What is Posttraumatic Stress Disorder
and what does “trauma” mean in this context?
Posttraumatic Stress Disorder, or PTSD, describes the experience of persistent symptoms that can affect a person after the experience of a traumatic event. While the term trauma seems to have become part of our vernacular when describing experiences of even minor stressors in our everyday lives, in the context of PTSD, trauma has a very different meaning. With respect to PTSD, an event is considered traumatic in nature when it involves actual or threatened death, serious injury, or a threat to one’s physical integrity (e.g. sexual assault). Examples of such traumatic events may include physical assaults, sexual assaults, combat, serious accidents, domestic violence, terrorist attacks, and even natural disasters like earthquakes, floods, hurricanes, and so on.
There are a number of ways people can be exposed to a traumatic event:
–Directly experiencing the traumatic event themselves (e.g., experiencing a major car accident);
–Witnessing such an event happening to someone else (e.g., witnessing someone else being physically assaulted);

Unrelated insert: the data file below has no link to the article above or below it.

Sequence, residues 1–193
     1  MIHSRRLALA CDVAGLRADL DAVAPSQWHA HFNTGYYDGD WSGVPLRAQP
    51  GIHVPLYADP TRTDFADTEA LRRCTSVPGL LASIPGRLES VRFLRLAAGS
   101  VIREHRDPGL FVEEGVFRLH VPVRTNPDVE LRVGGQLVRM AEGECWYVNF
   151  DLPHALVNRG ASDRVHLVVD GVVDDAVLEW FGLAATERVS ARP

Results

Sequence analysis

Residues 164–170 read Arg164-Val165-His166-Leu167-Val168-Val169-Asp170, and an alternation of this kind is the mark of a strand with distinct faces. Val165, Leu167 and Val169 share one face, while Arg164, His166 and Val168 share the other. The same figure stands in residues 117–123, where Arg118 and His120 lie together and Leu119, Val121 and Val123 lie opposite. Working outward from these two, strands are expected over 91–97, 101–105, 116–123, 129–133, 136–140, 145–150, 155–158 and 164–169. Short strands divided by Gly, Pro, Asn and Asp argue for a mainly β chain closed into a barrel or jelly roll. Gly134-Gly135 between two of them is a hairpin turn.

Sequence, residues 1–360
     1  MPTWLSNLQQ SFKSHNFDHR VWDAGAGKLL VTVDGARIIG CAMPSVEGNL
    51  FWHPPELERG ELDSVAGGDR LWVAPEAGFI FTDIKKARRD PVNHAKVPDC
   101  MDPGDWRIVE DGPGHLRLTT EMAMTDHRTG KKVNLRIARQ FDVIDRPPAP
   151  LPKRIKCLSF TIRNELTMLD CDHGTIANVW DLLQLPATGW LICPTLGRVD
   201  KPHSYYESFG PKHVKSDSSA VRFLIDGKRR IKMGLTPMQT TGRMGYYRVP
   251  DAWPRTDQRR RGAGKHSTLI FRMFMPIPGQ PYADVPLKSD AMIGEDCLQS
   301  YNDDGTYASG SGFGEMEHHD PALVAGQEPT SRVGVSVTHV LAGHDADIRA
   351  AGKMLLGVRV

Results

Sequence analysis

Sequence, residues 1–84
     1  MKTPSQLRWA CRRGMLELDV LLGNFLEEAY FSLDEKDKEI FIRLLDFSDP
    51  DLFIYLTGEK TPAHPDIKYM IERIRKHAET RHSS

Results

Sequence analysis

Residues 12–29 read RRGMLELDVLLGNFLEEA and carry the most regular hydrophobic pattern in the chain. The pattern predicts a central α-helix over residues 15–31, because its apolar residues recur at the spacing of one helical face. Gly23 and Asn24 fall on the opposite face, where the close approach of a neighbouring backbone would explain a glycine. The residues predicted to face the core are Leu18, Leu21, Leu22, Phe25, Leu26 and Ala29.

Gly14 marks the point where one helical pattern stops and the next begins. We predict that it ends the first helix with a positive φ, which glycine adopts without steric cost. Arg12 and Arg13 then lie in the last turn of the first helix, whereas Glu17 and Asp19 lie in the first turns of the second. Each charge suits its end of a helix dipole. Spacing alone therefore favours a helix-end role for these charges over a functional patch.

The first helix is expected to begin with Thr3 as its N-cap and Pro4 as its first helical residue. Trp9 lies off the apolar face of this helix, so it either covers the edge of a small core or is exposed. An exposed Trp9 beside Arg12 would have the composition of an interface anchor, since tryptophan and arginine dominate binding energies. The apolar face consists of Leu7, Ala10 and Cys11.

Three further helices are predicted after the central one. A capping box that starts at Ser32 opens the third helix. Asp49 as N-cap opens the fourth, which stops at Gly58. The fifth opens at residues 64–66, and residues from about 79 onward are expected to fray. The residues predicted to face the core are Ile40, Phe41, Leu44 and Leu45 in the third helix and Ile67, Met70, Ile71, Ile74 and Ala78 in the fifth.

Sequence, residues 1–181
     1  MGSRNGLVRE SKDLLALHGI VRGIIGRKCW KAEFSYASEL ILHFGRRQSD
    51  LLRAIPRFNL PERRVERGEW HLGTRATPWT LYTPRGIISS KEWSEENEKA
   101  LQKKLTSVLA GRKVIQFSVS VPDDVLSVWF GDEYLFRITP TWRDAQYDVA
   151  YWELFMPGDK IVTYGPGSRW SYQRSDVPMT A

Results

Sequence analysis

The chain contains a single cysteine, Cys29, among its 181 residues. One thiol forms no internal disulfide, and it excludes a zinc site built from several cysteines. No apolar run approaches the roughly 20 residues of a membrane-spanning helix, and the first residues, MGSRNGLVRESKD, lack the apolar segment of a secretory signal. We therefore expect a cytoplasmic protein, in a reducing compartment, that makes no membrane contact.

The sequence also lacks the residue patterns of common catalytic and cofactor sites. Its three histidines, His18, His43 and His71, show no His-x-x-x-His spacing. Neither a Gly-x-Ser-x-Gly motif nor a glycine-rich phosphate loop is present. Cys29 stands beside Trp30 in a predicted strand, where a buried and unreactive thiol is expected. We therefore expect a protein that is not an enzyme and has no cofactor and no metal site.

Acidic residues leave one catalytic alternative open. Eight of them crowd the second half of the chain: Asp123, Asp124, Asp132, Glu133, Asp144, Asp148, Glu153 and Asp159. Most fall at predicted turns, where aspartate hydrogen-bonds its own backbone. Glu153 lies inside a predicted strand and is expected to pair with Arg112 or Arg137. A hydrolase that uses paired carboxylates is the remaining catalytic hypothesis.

–Feeling threatened by the possibility of such an event during a given time period (e.g., a military service member on a convoy, where there is a constant threat of attack via Improvised Explosive Devises (IEDs) on the road);
–Learning about something horrible that has happened to a loved one (e.g., unexpectedly receiving news that a loved one was murdered);
–Repeatedly having exposure to disturbing details of traumatic events (e.g., police officers or first responders routinely encountering bodies or remains due to the nature of the occupation).
The definition of “trauma” is somewhat flexible in order to account for the fact that people develop very distressing and debilitating symptoms following any of the above-mentioned types of exposure to these events.
Most people are exposed to at least one traumatic event over the course of their lifetime, but not everybody will develop PTSD as a result. After experiencing a traumatic event, the vast majority of people will have some stress reactions or “symptoms” as a result. These symptoms typically appear directly following the trauma, but it is possible for an individual to develop symptoms after a long period of time has passed.
For many people, the symptoms naturally decrease on their own over time. However, when the experience of symptoms continues for longer than one month, and they cause significant distress or impairment in an important area of life (e.g., work or relationships), the person’s symptoms may indicate the presence of PTSD.
Continue Reading: What are the “symptoms” of PTSD?